You can always do the swap and yes, standard SAE housing identified by bolt spacing/circle. If there's nothing wrong with it just drive it. I've never heard that they're unreliable. My friend has two International dumps, one manual and one auto, what model I don't know but I do know that he's not unhappy with the auto. I have an Allison in a yard truck. It never gets out of first and reverse but if it was a road truck I wouldn't bother to replace it unless it broke and was not economically feasible to repair it.
  14. Auto- manual swap

    SAE bell housing, I believe but you really need a donor truck's entire system. Is the Allison not working?
  15. Excuse me pilots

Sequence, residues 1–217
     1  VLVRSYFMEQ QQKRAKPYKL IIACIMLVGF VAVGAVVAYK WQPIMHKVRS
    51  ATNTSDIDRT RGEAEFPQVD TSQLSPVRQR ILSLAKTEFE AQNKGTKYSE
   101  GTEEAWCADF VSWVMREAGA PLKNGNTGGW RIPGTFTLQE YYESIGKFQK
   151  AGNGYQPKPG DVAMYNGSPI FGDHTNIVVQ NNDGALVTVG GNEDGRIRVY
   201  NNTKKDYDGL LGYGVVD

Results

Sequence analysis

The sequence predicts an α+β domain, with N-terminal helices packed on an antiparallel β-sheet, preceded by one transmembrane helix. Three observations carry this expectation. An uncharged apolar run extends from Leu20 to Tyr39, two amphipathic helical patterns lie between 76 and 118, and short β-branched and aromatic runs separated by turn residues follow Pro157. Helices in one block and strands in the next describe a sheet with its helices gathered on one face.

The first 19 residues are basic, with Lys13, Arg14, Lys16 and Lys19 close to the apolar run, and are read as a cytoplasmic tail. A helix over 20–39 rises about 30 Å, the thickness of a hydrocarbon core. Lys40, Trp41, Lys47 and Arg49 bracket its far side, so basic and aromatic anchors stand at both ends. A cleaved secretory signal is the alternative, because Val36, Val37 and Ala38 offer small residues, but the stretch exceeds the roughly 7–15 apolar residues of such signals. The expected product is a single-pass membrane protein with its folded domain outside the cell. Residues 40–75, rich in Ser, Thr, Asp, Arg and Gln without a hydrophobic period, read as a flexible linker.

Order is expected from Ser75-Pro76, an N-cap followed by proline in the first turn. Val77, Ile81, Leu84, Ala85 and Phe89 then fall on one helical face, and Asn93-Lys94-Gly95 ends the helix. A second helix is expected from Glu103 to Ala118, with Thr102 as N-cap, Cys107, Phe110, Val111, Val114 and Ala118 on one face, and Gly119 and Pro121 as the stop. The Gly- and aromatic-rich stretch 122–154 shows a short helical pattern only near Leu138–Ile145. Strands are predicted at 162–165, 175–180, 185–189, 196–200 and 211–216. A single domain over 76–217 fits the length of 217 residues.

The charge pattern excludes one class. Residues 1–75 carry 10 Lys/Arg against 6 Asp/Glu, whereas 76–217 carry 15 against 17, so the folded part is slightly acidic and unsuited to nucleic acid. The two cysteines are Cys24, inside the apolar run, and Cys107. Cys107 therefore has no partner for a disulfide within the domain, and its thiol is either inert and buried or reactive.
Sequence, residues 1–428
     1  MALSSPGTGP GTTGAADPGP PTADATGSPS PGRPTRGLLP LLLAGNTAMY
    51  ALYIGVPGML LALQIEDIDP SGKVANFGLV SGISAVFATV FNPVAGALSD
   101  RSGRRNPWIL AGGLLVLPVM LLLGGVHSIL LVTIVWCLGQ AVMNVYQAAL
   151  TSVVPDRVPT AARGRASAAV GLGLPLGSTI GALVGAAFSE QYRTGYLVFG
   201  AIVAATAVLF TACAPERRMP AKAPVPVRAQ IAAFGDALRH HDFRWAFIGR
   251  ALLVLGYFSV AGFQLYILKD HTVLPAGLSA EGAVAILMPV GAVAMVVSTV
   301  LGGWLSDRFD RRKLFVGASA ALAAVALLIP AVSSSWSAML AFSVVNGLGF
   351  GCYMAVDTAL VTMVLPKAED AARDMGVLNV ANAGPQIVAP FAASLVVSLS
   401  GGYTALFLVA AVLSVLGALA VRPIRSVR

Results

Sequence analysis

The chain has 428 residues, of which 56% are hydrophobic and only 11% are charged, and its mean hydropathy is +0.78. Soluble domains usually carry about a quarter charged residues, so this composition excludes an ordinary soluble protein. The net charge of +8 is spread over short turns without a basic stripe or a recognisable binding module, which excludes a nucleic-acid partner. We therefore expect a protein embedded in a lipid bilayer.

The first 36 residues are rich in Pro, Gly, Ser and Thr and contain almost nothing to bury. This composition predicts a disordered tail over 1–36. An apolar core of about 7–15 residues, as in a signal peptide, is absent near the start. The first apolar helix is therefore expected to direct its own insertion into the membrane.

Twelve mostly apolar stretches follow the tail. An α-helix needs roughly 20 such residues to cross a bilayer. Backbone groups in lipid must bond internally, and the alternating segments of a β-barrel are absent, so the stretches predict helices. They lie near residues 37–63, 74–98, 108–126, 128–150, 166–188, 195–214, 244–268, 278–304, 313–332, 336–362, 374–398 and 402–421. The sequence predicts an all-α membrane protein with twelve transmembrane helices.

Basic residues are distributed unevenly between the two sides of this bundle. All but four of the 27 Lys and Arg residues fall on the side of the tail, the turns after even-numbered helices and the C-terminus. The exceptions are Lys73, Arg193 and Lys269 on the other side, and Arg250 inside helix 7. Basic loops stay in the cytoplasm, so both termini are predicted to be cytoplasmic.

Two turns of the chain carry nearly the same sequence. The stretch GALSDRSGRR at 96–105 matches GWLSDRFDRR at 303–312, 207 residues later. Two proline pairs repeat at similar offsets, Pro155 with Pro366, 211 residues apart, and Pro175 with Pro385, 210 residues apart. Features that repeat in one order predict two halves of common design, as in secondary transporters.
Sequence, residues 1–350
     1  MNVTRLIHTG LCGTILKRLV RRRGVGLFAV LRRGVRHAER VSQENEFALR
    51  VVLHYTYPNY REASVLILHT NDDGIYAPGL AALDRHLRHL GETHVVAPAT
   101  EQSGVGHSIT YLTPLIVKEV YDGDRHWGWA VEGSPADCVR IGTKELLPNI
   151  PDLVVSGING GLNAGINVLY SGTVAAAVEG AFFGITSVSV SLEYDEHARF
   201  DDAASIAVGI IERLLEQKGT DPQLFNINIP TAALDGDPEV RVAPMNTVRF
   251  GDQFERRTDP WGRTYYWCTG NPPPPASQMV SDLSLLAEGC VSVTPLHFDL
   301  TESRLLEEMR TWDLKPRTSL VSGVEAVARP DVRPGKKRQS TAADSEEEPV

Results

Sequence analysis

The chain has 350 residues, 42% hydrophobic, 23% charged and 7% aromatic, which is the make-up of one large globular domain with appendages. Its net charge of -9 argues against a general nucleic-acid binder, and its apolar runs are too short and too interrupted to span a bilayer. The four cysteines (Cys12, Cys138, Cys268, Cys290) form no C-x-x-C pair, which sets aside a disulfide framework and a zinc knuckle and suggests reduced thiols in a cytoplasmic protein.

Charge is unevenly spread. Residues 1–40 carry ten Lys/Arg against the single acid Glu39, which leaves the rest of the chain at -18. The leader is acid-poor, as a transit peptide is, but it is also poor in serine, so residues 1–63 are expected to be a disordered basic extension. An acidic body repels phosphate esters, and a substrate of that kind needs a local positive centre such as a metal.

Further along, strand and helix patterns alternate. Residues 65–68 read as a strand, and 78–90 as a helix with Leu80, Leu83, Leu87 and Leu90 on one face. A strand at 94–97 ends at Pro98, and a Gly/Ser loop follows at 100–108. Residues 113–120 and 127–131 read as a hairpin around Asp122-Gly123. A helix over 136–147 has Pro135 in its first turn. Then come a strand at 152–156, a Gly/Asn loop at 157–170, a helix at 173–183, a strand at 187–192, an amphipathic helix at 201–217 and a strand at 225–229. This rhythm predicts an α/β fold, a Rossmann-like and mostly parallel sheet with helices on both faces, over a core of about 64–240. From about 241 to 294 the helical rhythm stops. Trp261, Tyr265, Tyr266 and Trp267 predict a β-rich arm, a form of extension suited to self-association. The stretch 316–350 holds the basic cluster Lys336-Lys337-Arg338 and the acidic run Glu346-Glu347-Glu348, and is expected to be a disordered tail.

Our rotation angle is normally 17 to 20 degrees depending on weight, configuration, and field altitude. That angle is computed to be at V2 at 35' with an engine failure at V1. That said, an all-engine, noise abatement takeoff will quite often have us climbing at steeper angles, weight permitting. Years ago when we had planes with a wingspan that would allow us to operate from Santa Monica we would achieve about 28 degrees to the runway end then drastically reduce power and lower the nose to remain at V2 speed and not trip the noise monitor just off the end of the field.Passengers were briefed about the steepness and power chop needed as a noise violation was a big fine from the city; 3 violations got you banned! The city of Santa Monica has been trying to close the field for years and has pretty much achieved it by shortening the runway to 3500'. Not an issue for us as we're too big anyway. Anything more than 30 degrees pitch or 60 degrees bank is considered acrobatic. Lightly loaded we can rotate at 3 degree/second accelerating to Vfs at 30 degrees. Max weight TO, not so much . Vfs is Final Segment speed, a target speed for an engine inop TO and is in the neighborhood of 190 kts, weight dependent. Randy has it right. The 737 was running out of steam when the pilots pushed over to zero pitch. Empty plane, light fuel load, demonstration flight, a power/weight ratio never achieved in line operations. Camera angle makes it seem even steeper. I was at the Dubai airshow when the the A380 was introduced. What a show! That big monster was tossed around like a trainer - all within the limits of the FBW system which is likely to be 30 pitch, 60 roll. Boeing has no such limits.